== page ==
Prodigal Generosity

 "Don't be miserly, give them a proper watering!"

This was what I felt God was saying to me as I eked out a dribble of water on each plant I was trying to salvage recently. 

We were going through a hot dry spell, and although it was officially Autumn, someone forgot to tell Summer; the weather was set to be the longest hot dry spell we had had in months. 

Living on rain water as we do, it meant we were running to the end of our reserves. Although we are better off than millions of others in the world, as we can afford to buy water and can easily get it trucked in, it still grates on me a little. We don't live in a particularly dry area and I would like to be able to just use what we are given.

In all this, the garden was starting to look pretty sad. While I tend to be a pretty tough gardener - you don't survive in my garden if you need too much watering - there were plants I just didn't want to lose, so I had been watering a little more regularly.

I am aware that my minimalist watering can be quite ineffective. In some areas of our garden, the water just runs off the top; the soil is so dry that it takes a lot more water to get the water to soak in. As I reflected on these observations, the gentle nudge came from God, telling me to stop being stingy and water them properly, to stop worrying about the expense of buying water to refresh my garden. It just seemed so wasteful and extravagant to me - the plants are just for pleasure, just to look good. They can't be that important, can they?

And then we had a day that was really hot. It got to 40 degrees (C) on my way home. I stopped at the supermarket, and there were a few promising looking clouds around, but nothing that significant. The weather report had said there was a chance of some rain around the hills in the evening, and I had asked God if we could have some of that please, because my garden really needed it. 

I wasn't in the supermarket long, but when I came out, it was raining quite heavily. It felt so good, even though it was still very hot, and there was that wonderful smell that comes with rain after a hot dry spell, along with the sense of the soul being watered as much as the land. 

As I drove the fifteen minutes to home, up into the hills, the temperature dropped from 40 down to 32, then by the time I got to the end of the suburbs, it was down to 23. The rain was heavy enough to start to run off the road. I was only about 5 kilometres from home. Surely we were getting some of this. My daughter rang to find out when I would be home and told me that it was all blue skies and hot and home. No sign of any rain.

I felt pretty disappointed. We did eventually get a few smatterings, but barely enough to register, let alone revive my garden. What was going on? What was God trying to say to me in this? Why didn't He answer my prayer the way I wanted?

So I had a chat with Him. Why did we miss out? I know it is not the end of the world, it is not that big a deal, but it is easy for Him to give abundantly where He pleases.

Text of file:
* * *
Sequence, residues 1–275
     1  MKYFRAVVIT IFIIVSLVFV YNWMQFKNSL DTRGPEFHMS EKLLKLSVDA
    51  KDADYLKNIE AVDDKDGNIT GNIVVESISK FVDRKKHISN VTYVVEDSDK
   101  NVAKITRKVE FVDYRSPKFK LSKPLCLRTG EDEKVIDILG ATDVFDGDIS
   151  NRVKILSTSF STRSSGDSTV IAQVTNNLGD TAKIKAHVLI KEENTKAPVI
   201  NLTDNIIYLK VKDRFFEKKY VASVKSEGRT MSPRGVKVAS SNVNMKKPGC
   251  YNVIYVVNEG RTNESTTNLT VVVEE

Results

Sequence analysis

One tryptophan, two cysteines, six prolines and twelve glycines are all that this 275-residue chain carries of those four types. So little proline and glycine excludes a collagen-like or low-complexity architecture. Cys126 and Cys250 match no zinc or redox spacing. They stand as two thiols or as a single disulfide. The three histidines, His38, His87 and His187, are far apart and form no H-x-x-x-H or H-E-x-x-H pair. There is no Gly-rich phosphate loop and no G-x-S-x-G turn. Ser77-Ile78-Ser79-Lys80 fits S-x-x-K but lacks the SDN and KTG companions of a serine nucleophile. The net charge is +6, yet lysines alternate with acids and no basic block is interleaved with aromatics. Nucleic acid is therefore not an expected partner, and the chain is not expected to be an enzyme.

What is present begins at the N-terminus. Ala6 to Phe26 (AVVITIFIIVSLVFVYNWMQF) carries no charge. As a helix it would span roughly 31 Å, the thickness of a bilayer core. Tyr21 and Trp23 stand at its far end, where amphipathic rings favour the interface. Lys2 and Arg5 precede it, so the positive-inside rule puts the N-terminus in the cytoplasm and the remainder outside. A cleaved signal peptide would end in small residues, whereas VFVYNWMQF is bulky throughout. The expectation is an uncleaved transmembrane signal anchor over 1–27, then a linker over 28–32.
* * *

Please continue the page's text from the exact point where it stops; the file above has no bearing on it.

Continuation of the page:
And suddenly it got a little more challenging.

I was reminded of a few things. One was a verse: "Give and it will be given to you...For with the measure you use, it will be measured to you." (Luke 6:38). Along with this was the oft recited story of the person walking in the desert, nearly dead of thirst, who finally came across an old pump. At the pump was a jug of water and a note. It said that you had to use the water that was there to prime the pump, and then it would produce as much sweet, fresh water as you wanted. There was also a reminder to leave a jug of water for the next person. One moral to this story is that you have to relinquish what you have in your hand sometimes before you can get what you really need, but it is a step of faith.

The third was the story of Elijah and the widow at Zarephath (1Kings 17). There was a severe drought, and she had enough food left for her and her son to have their last meal.  Elijah challenged her to share, with a promise that God would provide for her until the rains came again. Very like the pump story: are you prepared to give away what you have on the promise alone of more?

Jesus observed and commended the widow who gave two small coins in the temple, stating that her giving was worth more than those who give from their abundance. While she gave from a position of poverty, not a position of plenty, she gave from a position of faith that her needs would be supplied, even as she gave the little she had.

I have been learning that God's generosity goes way beyond the sensible or rational, way beyond what I think I deserve or is enough. He gives and keeps on giving, even when we don't show gratitude or appreciation, even when we squander what is given. When we look at the example of the father toward the son who wasted his inheritance in the story of the Prodigal Son, we see a picture of Father God who pours out His abundance regardless of our response.

He is prodigal in His generosity.

If I am to reflect Him, His glory and goodness, I need to be generous in the same way.

The question is, when I don't feel like I have much, do I hold back, waiting until I have plenty before I give generously (whether that be money, food, goods, or time!), or do I give in trust that God is generous, that He will continue to give me more as I need? Do I trust in what I have already been provided with, or do I trust in the further provision, in the Provider? Am I holding on so tightly to what I have that don't have spare hands to receive the next installment?

Am I as generous with my little as I am with my abundance?